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Crops > Plantation crops > Banana > Strobilurin fungicides, Samoa

Crops Plantation crops BananaStrobilurin fungicides, Samoa

Strobilurin fungicides

November 2006. Samoa asked for information on the Strobilurin group of fungicides in regard to the management of banana black leaf streak (BLS). Punch and Tilt are no longer effective (but see below), although they were 20 years’ ago. So the question is, how to prevent the build up of resistance to maintain the usefulness of the product.

The Strobilurin group of fungicides is highly effective against certain types of fungi. They are also good in that they are considered a “reduced risk” fungicide – they are meant to be less harmful to humans and to the environment than alternative fungicides (although some have been found to be toxic to highly toxic in aquatic ecosystems).

The following questions should be asked when considering which fungicide to use:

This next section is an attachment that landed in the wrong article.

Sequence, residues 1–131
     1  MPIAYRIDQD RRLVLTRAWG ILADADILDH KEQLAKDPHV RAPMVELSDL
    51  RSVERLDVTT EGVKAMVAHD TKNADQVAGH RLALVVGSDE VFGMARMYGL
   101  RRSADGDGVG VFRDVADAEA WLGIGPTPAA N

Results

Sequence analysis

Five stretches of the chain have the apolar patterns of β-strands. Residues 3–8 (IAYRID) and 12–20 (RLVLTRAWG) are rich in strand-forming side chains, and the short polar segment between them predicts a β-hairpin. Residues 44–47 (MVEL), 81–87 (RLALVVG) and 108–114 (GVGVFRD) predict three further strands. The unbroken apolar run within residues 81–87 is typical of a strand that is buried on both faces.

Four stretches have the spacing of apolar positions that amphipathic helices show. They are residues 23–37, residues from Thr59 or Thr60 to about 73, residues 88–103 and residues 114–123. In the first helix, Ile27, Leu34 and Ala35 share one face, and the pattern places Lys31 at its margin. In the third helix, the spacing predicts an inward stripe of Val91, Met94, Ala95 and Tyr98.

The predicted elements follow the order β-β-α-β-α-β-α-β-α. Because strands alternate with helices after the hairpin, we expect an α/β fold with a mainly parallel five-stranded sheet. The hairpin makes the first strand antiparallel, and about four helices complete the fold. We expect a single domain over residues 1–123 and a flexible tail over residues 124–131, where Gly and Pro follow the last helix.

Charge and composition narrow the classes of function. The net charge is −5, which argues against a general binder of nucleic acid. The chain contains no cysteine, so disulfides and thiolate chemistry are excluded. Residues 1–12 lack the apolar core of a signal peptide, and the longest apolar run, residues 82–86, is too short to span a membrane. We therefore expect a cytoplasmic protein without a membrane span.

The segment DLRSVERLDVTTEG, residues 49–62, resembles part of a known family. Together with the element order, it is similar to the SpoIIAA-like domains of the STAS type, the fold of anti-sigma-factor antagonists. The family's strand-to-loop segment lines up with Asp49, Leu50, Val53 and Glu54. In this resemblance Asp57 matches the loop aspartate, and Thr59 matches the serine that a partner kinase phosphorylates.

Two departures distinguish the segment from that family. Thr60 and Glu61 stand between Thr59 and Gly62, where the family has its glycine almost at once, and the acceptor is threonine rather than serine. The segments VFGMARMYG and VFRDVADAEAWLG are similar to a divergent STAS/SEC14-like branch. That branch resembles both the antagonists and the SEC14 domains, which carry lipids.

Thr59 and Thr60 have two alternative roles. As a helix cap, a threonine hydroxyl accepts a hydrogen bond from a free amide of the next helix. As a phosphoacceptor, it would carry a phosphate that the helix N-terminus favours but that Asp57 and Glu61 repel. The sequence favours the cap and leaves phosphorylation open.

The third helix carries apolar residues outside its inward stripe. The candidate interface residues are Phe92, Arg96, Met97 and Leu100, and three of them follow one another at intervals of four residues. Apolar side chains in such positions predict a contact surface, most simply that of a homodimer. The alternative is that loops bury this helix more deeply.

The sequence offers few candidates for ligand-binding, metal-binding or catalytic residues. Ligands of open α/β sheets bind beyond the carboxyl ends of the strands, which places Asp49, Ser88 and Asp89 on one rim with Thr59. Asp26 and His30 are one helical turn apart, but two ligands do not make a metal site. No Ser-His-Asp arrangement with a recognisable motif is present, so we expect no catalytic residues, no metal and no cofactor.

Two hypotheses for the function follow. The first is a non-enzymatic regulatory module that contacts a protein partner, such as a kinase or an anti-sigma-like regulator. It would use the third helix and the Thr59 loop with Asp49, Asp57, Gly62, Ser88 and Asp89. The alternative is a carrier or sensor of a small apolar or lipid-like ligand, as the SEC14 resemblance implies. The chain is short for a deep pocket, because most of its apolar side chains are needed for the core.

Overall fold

1. What is the target fungus? It is important to determine if the fungus you are wanting to manage is a member of a group that can be controlled by the fungicide you are considering. In the case of strobilurins, they have an extremely broad spectrum; however, there are exceptions so check carefully. Strobilurins are better protective fungicides than curative; this means they can prevent infections, but once the infection has occurred, they aren’t so useful. This is due to the way they bind with the waxy cuticle of leaves.

2. Who are the target users? Strobilurin fungicides are not cheap, so are they a viable option for Pacific Island farmers?

3. Can the fungicide be readily sourced? If supplies of the fungicides are irregular, then that can be a problem for farmers. It is good to work with the local pesticide dealers, if these (strobilurin) fungicides are to be promoted. There is also the question of their registration.

4. Do we really need to use strobilurins when other fungicides will do?